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Pediatric rehabilitation encompasses a wide variety of conditions, from neurologic disorders to musculoskeletal abnormalities that affect growth and development. Developmental delay, specifically in gross and fine motor activity, is a common concern of parents and caregivers; thus an understanding of normal growth and developmental patterns is essential (Table 20–1). Causes of developmental dysfunction in motor and cognitive skills range from congenital and genetic abnormalities to acquired illnesses and injuries of the neurologic and musculoskeletal systems. A thorough history and examination is key to diagnosis and management. Goals for habilitation or rehabilitation will depend on the child’s age and development.


In the evaluation of pediatric patients, the importance of the chief complaint and reason for the visit cannot be overemphasized. Traditionally part of the basic history, this component is sometimes omitted or inferred by time-pressed providers. Of similar importance are the parents’, caregiver’s, or patient’s goals and expectations, which will shape the direction of later care and management.

In addition to obtaining past medical and surgical histories, the examiner should explore the patient’s birth history. Information about prenatal care, maternal illness or conditions, medications, mode of delivery, age of gestation at delivery, and any perinatal and postnatal complications (including treatment course in the neonatal intensive care unit [NICU]) can provide important clues that may help in the differential diagnosis. Queries should be made regarding developmental milestones and functional abilities, including the age at which milestones were achieved, delays, and any skills that were lost or have regressed (see Table 20–1). Relevant information from the family, personal, and social history, including concerns relating to school performance and social interactions, medications and allergies, and immunizations, should be noted.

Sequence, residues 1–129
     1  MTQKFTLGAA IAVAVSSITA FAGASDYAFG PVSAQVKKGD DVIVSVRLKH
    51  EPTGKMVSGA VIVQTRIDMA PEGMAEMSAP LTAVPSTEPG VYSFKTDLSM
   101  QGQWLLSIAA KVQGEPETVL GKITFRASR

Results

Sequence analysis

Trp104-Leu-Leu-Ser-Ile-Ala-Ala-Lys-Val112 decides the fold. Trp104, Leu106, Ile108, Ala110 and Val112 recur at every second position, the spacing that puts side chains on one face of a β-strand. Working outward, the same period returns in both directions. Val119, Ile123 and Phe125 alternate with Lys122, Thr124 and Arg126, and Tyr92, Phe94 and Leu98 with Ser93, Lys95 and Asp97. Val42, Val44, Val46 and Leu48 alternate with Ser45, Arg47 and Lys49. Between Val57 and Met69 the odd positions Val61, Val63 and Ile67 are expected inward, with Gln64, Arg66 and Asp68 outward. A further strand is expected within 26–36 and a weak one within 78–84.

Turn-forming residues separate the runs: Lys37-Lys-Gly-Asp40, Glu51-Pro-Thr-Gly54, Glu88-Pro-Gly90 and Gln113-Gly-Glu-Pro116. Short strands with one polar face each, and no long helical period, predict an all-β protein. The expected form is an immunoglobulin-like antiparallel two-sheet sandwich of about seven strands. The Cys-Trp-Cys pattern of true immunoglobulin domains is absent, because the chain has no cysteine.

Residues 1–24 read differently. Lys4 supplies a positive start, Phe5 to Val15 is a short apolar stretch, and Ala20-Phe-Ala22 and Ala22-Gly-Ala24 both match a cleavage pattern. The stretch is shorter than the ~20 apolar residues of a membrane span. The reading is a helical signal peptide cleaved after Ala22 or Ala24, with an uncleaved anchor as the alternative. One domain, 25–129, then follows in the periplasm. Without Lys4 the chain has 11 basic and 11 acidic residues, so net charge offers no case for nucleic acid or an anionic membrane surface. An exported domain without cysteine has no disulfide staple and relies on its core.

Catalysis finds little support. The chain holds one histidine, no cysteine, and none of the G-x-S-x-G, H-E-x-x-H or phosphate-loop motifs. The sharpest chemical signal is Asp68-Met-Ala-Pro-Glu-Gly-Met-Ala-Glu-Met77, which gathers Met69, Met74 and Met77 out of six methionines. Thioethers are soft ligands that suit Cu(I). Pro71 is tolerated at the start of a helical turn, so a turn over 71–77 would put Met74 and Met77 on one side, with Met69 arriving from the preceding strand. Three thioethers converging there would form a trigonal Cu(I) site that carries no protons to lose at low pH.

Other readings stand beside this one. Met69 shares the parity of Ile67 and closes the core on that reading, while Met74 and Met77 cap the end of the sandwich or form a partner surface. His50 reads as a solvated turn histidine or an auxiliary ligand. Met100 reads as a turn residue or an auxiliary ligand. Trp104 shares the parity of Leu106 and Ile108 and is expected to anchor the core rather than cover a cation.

Table 20–1Pediatric developmental milestones.

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